The Rays Tank: Russell Carleton Returns; [Insert Name Here] Wins Home Run Derby

...Berman on Baseball? What? Mandatory Credit: Kim Klement-US PRESSWIRE

So the Home Run Derby was last night. Judging from Twitter, I think Prince Fielder won. As you can probably tell, I didn't see the end.

It's not that I don't like the Home Run Derby. Actually, compared to what I was seeing on Twitter yesterday afternoon and evening, I really like the Derby in comparison with others. Contrary to all those people that see it as pointless and boring, I find it kinda fun to watch players try and bash the ball as far as humanly possible again and again and again. As a kid, I used to love participating in impromptu Derbies, challenging other kids to see which of us could hit the most balls past the jetty at the beach. It was glorious fun, and to me, there's still something really charming in watching the official Home Run Derby. Sure, it doesn't mean anything and it's rather pointless, but there's nothing wrong with fun for fun's sake, right?

That said, Chris Berman is absolutely terrible. And the Derby does go on really long. I had my fill about halfway through the second round and zoned out after that. I wish Mark Trumbo had ended up winning -- mostly because his pure power is unreal and I love rooting for overlooked and underrated players -- but hey, kudos to Prince. Hopefully he'll finally start hitting some home runs when it counts and help out my fantasy team (/death glare at Prince).

And now that I've watched the All-Star festivities for the NHL and NBA, why can't baseball have a skills competition like they do? It seems like the Home Run Derby would make so much more sense if it was a part of a larger competition of various baseball skills, including things like throw accuracy, arm strength, bunting, stealing, etc. It would be fantastic and it would include so many more players, and highlight the multitude of skills that go into the game of baseball. Seriously MLB, do it.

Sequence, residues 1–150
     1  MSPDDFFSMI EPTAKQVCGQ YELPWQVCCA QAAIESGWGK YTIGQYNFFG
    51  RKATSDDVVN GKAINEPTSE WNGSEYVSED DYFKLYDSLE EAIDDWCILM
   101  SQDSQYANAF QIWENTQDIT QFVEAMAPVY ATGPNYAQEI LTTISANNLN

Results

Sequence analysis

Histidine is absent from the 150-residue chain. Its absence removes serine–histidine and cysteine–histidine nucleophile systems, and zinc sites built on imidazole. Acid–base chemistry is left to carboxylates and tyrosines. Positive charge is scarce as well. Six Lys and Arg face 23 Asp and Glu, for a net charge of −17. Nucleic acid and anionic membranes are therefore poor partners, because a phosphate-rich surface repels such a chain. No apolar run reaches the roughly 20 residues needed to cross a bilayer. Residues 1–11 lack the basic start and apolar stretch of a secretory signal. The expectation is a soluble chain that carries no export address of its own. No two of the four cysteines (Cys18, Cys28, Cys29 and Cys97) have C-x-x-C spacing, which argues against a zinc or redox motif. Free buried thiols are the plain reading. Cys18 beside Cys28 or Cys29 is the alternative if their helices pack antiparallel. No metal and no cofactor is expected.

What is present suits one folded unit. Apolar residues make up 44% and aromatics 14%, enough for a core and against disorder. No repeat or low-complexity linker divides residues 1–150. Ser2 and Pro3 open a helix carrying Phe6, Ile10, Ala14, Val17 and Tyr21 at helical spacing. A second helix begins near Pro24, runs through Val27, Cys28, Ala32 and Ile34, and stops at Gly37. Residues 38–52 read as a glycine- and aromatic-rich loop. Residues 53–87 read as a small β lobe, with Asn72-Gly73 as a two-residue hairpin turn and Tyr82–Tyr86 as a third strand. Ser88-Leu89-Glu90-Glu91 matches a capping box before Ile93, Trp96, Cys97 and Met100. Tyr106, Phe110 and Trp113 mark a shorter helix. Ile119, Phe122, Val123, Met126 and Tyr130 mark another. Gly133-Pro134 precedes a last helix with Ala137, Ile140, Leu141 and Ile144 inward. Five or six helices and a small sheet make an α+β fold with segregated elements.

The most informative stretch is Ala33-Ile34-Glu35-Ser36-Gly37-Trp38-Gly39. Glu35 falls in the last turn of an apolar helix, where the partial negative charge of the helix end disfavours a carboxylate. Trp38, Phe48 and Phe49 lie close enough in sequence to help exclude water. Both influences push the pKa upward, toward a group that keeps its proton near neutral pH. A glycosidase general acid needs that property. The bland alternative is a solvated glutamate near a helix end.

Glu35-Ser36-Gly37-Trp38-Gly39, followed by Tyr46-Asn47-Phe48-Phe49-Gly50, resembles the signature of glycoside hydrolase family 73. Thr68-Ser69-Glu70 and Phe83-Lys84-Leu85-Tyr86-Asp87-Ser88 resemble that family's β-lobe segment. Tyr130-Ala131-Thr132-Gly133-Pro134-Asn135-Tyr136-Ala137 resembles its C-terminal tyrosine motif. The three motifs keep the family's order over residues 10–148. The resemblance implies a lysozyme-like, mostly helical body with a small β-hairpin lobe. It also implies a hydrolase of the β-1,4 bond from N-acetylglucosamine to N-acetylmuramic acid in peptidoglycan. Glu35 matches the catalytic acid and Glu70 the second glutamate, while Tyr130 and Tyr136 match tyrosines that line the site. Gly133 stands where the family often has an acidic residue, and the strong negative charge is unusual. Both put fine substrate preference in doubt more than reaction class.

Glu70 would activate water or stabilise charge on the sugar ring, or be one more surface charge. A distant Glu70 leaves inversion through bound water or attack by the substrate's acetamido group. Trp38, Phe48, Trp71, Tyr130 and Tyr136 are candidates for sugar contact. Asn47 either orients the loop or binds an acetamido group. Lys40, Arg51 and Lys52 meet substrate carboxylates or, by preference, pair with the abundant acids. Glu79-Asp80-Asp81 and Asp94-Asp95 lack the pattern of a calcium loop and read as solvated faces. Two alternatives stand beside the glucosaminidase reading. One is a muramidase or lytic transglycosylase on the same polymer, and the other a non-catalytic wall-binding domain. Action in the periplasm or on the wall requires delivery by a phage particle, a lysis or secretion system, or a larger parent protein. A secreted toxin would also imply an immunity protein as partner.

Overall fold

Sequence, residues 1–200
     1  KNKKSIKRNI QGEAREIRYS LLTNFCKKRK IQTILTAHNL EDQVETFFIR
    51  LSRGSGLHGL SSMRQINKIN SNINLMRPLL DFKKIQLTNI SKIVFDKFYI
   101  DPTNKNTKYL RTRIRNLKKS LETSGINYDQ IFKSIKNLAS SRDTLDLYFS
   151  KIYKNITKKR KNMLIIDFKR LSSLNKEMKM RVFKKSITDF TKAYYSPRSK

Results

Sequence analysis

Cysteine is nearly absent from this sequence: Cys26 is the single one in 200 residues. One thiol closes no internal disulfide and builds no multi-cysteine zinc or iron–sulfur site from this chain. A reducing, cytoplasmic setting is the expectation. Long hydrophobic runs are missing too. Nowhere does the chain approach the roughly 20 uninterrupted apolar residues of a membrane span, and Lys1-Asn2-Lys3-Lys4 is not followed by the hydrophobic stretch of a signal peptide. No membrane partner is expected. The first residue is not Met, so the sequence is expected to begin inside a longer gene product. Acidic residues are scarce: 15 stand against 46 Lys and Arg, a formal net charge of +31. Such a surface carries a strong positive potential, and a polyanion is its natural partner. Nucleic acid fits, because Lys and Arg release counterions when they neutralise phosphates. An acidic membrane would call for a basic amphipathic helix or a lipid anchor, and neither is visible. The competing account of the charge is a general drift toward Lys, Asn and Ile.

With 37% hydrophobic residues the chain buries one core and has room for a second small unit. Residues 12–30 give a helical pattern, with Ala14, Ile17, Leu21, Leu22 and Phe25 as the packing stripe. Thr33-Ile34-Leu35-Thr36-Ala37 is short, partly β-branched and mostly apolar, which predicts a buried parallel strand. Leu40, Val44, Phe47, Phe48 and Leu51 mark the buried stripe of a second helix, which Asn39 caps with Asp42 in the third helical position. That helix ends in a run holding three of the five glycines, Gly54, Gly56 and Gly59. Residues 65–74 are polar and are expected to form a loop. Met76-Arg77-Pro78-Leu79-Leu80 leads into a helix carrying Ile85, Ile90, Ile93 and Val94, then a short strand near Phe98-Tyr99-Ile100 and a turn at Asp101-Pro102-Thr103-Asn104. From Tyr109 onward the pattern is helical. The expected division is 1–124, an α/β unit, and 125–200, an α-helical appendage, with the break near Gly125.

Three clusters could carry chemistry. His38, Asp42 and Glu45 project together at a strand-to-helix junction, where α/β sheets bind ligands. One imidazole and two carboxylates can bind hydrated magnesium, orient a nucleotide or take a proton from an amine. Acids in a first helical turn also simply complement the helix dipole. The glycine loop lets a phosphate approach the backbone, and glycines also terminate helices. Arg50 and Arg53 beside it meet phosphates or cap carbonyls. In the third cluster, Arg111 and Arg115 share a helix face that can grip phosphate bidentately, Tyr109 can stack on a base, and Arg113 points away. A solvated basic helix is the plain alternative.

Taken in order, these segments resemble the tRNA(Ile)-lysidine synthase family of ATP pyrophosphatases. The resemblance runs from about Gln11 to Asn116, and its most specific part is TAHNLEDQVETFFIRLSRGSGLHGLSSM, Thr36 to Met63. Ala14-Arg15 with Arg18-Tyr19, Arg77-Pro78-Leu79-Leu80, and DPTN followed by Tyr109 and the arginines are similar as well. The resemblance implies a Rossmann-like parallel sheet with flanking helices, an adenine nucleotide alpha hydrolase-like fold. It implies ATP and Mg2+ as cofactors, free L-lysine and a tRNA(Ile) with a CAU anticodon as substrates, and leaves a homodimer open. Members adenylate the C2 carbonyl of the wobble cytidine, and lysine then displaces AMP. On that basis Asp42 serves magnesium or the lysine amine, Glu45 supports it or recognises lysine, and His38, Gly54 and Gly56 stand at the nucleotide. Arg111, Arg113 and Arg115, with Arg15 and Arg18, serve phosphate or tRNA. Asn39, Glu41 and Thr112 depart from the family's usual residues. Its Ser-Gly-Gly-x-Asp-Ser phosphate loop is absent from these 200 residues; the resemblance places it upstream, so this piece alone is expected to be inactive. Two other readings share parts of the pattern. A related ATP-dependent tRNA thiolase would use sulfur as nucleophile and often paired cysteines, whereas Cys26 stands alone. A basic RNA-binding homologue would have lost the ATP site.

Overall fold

Hmm, apparently this Rays Tank is turning into a treatise. More on Russell Carleton, sabermetrics, explosive lightning, and Carl Crawford schadenfreude after the jump.

The big news yesterday in the sabermetric world is that Russell Carleton -- otherwise known as The Artist Formerly Known As Pizza Cutter -- has returned to the masses. After contributing so much to the development of sabermetrics as we know it, he got hired by a team to work on a number of projects for them. He went into hiding then and worked full-time in baseball for a couple of years, and now he's back and writing at BPro.

And his first article back is a doozy. He can't tell us the secrets he discovered, but he can hint that there is so much more we have no idea about. In fact, there's some stuff we may be dead wrong about:

In my reflections (and uh, Gregorian number-crunching) I came to some rather interesting conclusions. I can't get into specifics (so please don't ask) but I will say this: there are things that are generally publicly held as sabermetric doctrine-in some cases, crucial underlying assumptions-that are demonstrably false. Statistical models are wonderful things, but they are only as good as the data that power them and the understanding of the programmer who defines them.

Overall, Carleton's piece wasn't really earth-shattering. By now, we all know that there's a ton of value in scouting information, and that sabermetrics will only show you one piece of the puzzle. Sabermetrics has still barely begun to scratch the surface in so many areas -- especially in evaluating pitching and defense -- and the bulk of our knowledge and stats can sometimes come across as rather underwhelming. You mean to tell me we haven't been able to improve significantly over UZR or FIP over the past 5-10 years? There is so, so much we don't know.

But I do find it interesting that Pizza Cutter is suggesting that there are a couple things out there right now that we're dead wrong about. Sadly, I'm beginning to feel like there are too many writers out there in the saber-sphere right now and not enough researchers for us to continue to make large strides in the public field. How long until the front offices outdistance us? How long until "evaluating" trades and signings becomes a sham again, and we're left believing we're correct when we really have no idea? I don't know, but thoughts like that make me really want to keep digging deeper into FanGraphs spreadsheets.

Other links of note:

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